Referendum needed on leaving EU
There are an estimated 25 million unemployed people in the European Union, economic growth is invisible, certain countries are deep in recession, business confidence has evaporated, taxation levels are out of control and business development is strangled by legislation from Brussels.
The EU is an economic disaster zone. At the same time, governments around Europe are collapsing amid the shambles, and the EU is in utter disarray. Does this do anything to deter the champions of a federal Europe? Not one bit.
They argue that the solution is 'not less Europe, but more Europe'. It's so ridiculous you couldn't make it up. They are still pushing forward with their agenda to create a European socialist super state with a centralised fiscal policy and budgetary control of nation states, and plan to saddle those countries with even more of their ludicrous economic policies.
Champions of the EU argue that this will bring stability to the euro and the EU. That's what they said at the birth of the union and the euro and are still so wedded to their socialist dream they dare not look facts in the face. When are these people going to get it?
The party is over. The original aims of the EU, no matter how well intentioned, have failed. Member countries must be free from the legislative stranglehold that prevents their economic development.
An example of this is the recent EU air tax - thankfully condemned by many countries. There should be an EU-wide referendum on membership to allow countries that want to leave to do so.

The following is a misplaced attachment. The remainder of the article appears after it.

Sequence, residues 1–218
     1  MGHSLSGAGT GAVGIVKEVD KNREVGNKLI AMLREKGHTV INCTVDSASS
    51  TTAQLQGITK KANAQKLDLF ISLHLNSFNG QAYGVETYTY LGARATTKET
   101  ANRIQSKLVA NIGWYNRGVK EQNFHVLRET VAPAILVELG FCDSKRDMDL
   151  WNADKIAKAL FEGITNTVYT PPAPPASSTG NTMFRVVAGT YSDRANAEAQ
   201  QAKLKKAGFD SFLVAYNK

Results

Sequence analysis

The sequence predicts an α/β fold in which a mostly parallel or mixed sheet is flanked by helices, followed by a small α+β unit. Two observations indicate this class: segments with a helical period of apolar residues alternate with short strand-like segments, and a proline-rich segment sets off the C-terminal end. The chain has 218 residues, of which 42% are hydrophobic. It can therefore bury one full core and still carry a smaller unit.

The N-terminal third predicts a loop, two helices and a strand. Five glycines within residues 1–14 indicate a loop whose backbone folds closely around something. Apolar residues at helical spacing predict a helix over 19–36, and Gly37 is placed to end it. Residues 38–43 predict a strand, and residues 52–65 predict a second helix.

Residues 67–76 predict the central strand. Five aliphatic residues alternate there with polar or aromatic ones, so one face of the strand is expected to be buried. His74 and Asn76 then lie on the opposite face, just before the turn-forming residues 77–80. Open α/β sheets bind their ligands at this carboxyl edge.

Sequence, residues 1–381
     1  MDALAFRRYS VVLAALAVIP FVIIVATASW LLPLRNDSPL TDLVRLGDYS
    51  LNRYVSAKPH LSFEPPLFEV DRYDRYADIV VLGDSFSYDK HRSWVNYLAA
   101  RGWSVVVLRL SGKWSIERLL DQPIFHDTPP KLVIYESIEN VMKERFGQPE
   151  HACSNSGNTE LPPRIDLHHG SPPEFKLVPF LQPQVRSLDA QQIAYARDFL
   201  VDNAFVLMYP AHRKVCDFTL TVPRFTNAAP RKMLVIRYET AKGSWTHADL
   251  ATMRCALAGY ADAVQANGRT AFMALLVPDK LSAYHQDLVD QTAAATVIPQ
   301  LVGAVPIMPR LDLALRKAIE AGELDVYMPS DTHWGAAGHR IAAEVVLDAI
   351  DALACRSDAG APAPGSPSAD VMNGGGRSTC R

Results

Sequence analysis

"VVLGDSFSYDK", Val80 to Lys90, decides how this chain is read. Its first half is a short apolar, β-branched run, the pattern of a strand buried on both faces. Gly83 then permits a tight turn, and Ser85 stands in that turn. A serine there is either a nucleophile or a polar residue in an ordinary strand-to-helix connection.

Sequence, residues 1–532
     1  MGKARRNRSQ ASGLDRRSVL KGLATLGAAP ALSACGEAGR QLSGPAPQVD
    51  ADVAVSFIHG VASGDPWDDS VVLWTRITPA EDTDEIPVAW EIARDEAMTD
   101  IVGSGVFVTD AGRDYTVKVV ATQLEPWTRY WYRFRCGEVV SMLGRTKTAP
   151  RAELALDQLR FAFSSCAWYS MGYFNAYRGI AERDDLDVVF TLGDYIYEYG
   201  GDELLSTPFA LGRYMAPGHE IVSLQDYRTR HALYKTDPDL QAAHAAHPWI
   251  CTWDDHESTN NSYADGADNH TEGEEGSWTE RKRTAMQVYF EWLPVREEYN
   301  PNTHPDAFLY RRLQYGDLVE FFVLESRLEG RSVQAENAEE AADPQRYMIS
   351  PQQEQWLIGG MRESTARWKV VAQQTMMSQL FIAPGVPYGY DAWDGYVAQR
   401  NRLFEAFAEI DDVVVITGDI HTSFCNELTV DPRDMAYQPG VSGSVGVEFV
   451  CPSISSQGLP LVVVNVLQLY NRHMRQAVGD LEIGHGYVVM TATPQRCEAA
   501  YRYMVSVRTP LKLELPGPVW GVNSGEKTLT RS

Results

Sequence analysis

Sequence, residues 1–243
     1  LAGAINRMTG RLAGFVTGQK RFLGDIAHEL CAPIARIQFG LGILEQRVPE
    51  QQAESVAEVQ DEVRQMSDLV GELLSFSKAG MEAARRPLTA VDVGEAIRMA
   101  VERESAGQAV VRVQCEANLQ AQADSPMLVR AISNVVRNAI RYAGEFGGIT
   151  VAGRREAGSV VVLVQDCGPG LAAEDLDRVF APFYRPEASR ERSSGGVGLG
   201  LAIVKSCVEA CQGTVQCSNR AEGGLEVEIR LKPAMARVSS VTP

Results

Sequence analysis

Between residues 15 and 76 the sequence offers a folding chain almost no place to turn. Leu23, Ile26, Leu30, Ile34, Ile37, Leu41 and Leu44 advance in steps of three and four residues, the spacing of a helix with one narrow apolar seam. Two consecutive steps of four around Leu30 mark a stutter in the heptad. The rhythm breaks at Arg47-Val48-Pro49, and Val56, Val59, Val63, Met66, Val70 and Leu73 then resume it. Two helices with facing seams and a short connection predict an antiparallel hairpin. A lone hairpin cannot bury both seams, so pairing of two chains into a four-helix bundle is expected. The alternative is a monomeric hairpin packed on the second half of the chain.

That will restore democracy and give governments the mandate they need to implement policies.
Those that want out can then tear up the EU legislation that prevents economies from developing. Then they can revalue currencies to compete more keenly in the global economy. We should begin the new era by consigning the EU and the euro to the waste basket of history.
Scott Davies, Wan Chai
Quitting euro zone will be suicide
There has been talk among economists, financial experts and correspondents that Greece is about to leave the euro zone and that it would be wise for Greece to do so.
I know little about how an economy should be run but I know enough history to say that, throughout the history of mankind, there has not been a single case in which a government or a country that is on the verge of bankruptcy can issue a new currency that is trusted by its own people, not to mention foreigners. I am sure that the Greek government is aware of this fact, no matter which political party is in power, even though the political party concerned has promised its voters to leave the euro zone.